More Bad News For Malaysia Airlines

Aug. 29--Bad times keep coming for Malaysia Airlines, the majority-government-owned carrier that lost airplanes in two tragedies this year.

With a heavy financial hit expected in the second half of the year, the airline said Thursday that it lost $95 million in the second quarter, ended June 30, compared with a loss of $58 million in the same period last year.

After the mysterious disappearance of Flight 370 in March with 239 passengers and crew members on board, the carrier's revenues decreased by 5 percent, to $1.1 billion.

In mid-July, in the immediate aftermath of Flight 17's being shot down by a missile over Ukraine, with all 298 passengers and crew aboard killed, average weekly bookings for Malaysia Airlines declined by 33 percent, the management said Thursday.

A major overhaul is now planned that will include cuts in routes, flights and jobs.

Rebuilding the brand and overcoming intense competition by low-cost Asian carriers and competitors in the Persian Gulf "will be immensely difficult," Brendan Sobie, chief analyst for CAPA, formerly known as the Centre for Asia Pacific Aviation, said in a research report.

Even before the "double tragedies" of Flights 370 and 17, the company's "weak financial performance" made Malaysia Airlines "acutely aware of the need to restructure," the carrier said in a statement.

"We operate in a harsh business environment of stiff competition from regional and global carriers and high operational costs," said the airline's chief executive officer, Ahmad Jauhari.

"Coupled with the impact of the two tragedies, which have damaged our brand, the need to restructure the company was accelerated," Jauhari said, noting that "the full financial impact" will hit in the second half of this year.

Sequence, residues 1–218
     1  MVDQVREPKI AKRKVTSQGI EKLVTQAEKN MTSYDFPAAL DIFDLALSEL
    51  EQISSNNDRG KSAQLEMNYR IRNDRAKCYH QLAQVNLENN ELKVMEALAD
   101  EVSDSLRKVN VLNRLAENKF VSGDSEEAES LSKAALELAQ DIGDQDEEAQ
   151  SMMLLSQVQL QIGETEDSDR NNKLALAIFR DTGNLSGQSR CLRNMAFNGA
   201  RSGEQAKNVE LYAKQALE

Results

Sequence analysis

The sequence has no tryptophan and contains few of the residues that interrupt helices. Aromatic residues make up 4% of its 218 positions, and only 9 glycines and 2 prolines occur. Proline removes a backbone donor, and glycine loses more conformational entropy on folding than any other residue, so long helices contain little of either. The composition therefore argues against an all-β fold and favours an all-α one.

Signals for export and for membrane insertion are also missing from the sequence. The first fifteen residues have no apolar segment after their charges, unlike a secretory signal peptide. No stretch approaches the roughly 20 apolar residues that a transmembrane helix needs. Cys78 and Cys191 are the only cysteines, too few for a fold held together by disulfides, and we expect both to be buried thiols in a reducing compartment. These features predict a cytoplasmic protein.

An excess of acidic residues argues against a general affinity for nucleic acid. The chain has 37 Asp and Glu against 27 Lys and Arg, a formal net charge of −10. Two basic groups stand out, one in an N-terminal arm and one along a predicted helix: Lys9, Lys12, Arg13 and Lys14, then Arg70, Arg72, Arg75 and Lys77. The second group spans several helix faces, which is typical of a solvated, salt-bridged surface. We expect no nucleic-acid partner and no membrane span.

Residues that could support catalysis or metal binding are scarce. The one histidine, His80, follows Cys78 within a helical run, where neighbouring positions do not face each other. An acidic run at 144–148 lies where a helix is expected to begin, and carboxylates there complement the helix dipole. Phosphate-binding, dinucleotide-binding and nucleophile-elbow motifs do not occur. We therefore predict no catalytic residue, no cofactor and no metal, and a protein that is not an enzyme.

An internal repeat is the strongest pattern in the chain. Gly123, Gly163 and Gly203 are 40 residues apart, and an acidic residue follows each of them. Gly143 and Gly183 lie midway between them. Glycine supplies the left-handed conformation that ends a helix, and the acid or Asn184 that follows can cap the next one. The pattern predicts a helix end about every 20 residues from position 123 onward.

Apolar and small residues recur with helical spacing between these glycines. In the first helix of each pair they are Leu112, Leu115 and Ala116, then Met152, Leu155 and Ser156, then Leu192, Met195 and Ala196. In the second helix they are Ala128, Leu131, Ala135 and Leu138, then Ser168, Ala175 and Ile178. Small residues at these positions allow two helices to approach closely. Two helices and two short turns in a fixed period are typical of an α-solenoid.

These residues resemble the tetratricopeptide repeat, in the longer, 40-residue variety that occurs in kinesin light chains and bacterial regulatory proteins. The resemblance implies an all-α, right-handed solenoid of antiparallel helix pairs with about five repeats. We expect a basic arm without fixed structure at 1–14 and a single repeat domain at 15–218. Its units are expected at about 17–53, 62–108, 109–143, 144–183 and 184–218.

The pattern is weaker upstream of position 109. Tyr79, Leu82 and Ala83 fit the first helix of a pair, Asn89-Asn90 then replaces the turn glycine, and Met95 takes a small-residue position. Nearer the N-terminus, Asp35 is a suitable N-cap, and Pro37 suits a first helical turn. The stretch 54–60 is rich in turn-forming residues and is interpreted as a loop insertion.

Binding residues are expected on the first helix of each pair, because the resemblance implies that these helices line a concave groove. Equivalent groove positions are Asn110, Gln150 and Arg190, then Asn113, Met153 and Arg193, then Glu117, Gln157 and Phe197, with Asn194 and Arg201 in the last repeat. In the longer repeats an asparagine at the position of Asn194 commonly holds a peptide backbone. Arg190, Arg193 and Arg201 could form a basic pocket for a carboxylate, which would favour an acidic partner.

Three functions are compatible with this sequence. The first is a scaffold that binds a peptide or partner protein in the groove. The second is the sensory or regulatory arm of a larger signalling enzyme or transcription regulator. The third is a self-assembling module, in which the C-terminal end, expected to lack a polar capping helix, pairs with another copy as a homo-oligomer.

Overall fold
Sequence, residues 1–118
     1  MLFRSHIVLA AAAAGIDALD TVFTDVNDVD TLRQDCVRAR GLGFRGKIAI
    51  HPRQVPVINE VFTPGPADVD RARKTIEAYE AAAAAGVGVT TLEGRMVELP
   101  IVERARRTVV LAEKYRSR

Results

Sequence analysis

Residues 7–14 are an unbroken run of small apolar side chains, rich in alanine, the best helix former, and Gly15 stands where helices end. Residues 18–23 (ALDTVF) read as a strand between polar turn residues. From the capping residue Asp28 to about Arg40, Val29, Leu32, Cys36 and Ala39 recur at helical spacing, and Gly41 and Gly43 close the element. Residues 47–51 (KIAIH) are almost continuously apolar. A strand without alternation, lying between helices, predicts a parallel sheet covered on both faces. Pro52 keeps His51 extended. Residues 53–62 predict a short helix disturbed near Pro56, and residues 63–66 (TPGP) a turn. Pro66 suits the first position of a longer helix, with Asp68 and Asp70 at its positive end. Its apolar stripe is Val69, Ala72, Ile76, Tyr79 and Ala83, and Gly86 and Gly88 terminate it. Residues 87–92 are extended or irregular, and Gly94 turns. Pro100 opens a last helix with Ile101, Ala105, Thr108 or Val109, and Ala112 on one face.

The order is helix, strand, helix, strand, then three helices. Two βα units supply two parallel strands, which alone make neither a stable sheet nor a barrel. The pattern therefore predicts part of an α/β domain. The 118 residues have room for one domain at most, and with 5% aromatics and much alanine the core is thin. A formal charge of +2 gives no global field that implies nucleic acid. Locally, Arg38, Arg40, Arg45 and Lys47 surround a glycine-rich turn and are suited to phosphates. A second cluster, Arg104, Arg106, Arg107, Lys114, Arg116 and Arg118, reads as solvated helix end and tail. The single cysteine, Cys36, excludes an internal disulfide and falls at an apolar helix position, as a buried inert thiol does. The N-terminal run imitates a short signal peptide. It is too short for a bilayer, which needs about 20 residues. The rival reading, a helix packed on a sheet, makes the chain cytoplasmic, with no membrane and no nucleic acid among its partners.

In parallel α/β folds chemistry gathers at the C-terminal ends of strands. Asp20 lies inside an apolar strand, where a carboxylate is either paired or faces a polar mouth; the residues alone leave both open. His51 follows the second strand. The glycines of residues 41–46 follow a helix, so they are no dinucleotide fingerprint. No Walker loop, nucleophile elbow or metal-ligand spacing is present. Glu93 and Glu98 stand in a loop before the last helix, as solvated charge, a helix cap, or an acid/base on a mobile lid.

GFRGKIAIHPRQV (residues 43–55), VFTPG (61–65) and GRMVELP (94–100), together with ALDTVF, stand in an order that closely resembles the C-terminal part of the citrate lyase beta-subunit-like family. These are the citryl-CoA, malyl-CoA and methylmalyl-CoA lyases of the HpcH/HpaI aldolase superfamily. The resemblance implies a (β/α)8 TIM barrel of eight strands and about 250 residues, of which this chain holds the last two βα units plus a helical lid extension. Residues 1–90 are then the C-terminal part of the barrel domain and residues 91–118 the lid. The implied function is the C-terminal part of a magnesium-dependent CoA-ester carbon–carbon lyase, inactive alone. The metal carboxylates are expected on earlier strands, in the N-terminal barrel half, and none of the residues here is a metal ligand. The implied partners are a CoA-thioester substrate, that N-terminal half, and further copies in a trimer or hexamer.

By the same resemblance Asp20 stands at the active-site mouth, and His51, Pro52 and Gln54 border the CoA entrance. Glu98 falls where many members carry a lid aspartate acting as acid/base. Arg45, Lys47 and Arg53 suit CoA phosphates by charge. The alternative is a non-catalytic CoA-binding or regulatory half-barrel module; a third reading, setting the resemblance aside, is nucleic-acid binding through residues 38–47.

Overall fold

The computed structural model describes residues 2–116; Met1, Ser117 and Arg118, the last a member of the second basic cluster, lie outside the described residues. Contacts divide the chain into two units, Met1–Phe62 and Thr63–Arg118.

Khazanah Nasional Berhad, the majority shareholder in the airline and the investment arm of the Malaysian government, is expected to announce a restructuring plan by the end of the day Friday, Sobie wrote.

On Aug. 8, Khazanah proposed taking full ownership of Malaysia Airlines, buying out the 30 percent stake it does not own. If the proposal is approved, the airline would be delisted from the Malaysian stock exchange and fully nationalized, "which in theory should make it easier to pursue the deep restructuring that is required," Sobie said.

"Profitability will be very difficult to achieve -- even in the long-term -- given the flag carrier's current weak position and the intensive competition in the Southeast Asian market."

The $95 million second-quarter loss marked the airline's sixth consecutive quarter in the red, Sobie noted. Malaysia Air was last profitable in the third and fourth quarters of 2012, but was unprofitable for the full year 2012 as well as in 2011.

The airline has restructured several times over the last decade, but executives were "never able to tackle the underlying problems." Job cuts were difficult "because of union and political sensitivities," Sobie said.

The carrier has had potential suitors in recent years, including Qantas, British Airways, and Etihad Airways, the analyst said.

"Lack of stability" and "what was perceived as reckless growth in some markets put carriers off," Sobie said. "A more rational Malaysia Airlines may find itself making friends, out of opportunity but also necessity."


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